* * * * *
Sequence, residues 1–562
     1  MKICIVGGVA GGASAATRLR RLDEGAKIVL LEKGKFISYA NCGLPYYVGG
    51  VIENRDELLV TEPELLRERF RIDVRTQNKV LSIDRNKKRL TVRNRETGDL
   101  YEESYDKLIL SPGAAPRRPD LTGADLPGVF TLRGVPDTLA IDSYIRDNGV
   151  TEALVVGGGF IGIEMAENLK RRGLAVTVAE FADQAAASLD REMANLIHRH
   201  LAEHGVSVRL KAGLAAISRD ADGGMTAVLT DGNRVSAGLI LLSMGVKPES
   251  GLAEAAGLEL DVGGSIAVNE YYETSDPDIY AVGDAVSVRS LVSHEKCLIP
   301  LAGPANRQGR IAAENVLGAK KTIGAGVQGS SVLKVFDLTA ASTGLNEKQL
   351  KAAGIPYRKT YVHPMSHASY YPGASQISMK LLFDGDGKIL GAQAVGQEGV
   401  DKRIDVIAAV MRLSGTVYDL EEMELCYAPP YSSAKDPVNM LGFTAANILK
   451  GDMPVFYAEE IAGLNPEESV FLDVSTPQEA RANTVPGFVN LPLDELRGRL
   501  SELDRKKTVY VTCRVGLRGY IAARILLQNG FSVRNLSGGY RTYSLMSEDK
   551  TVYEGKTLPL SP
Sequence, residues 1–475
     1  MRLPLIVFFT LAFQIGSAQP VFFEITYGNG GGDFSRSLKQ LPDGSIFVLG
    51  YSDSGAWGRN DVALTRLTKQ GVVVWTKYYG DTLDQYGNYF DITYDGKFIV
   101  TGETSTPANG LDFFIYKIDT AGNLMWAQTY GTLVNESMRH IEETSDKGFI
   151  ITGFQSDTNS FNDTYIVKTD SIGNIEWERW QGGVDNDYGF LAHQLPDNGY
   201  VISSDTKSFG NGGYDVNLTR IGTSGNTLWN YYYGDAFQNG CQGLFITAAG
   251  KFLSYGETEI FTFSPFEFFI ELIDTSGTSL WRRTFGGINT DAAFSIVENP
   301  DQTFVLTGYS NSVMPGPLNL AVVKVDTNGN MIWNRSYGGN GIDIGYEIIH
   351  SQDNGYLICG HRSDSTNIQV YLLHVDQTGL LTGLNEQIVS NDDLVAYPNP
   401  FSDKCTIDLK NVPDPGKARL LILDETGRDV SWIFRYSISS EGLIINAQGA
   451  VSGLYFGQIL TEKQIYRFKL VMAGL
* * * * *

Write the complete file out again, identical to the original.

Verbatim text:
Sequence, residues 1–562
     1  MKICIVGGVA GGASAATRLR RLDEGAKIVL LEKGKFISYA NCGLPYYVGG
    51  VIENRDELLV TEPELLRERF RIDVRTQNKV LSIDRNKKRL TVRNRETGDL
   101  YEESYDKLIL SPGAAPRRPD LTGADLPGVF TLRGVPDTLA IDSYIRDNGV
   151  TEALVVGGGF IGIEMAENLK RRGLAVTVAE FADQAAASLD REMANLIHRH
   201  LAEHGVSVRL KAGLAAISRD ADGGMTAVLT DGNRVSAGLI LLSMGVKPES
   251  GLAEAAGLEL DVGGSIAVNE YYETSDPDIY AVGDAVSVRS LVSHEKCLIP
   301  LAGPANRQGR IAAENVLGAK KTIGAGVQGS SVLKVFDLTA ASTGLNEKQL
   351  KAAGIPYRKT YVHPMSHASY YPGASQISMK LLFDGDGKIL GAQAVGQEGV
   401  DKRIDVIAAV MRLSGTVYDL EEMELCYAPP YSSAKDPVNM LGFTAANILK
   451  GDMPVFYAEE IAGLNPEESV FLDVSTPQEA RANTVPGFVN LPLDELRGRL
   501  SELDRKKTVY VTCRVGLRGY IAARILLQNG FSVRNLSGGY RTYSLMSEDK
   551  TVYEGKTLPL SP
Sequence, residues 1–475
     1  MRLPLIVFFT LAFQIGSAQP VFFEITYGNG GGDFSRSLKQ LPDGSIFVLG
    51  YSDSGAWGRN DVALTRLTKQ GVVVWTKYYG DTLDQYGNYF DITYDGKFIV
   101  TGETSTPANG LDFFIYKIDT AGNLMWAQTY GTLVNESMRH IEETSDKGFI
   151  ITGFQSDTNS FNDTYIVKTD SIGNIEWERW QGGVDNDYGF LAHQLPDNGY
   201  VISSDTKSFG NGGYDVNLTR IGTSGNTLWN YYYGDAFQNG CQGLFITAAG
   251  KFLSYGETEI FTFSPFEFFI ELIDTSGTSL WRRTFGGINT DAAFSIVENP
   301  DQTFVLTGYS NSVMPGPLNL AVVKVDTNGN MIWNRSYGGN GIDIGYEIIH
   351  SQDNGYLICG HRSDSTNIQV YLLHVDQTGL LTGLNEQIVS NDDLVAYPNP
   401  FSDKCTIDLK NVPDPGKARL LILDETGRDV SWIFRYSISS EGLIINAQGA
   451  VSGLYFGQIL TEKQIYRFKL VMAGL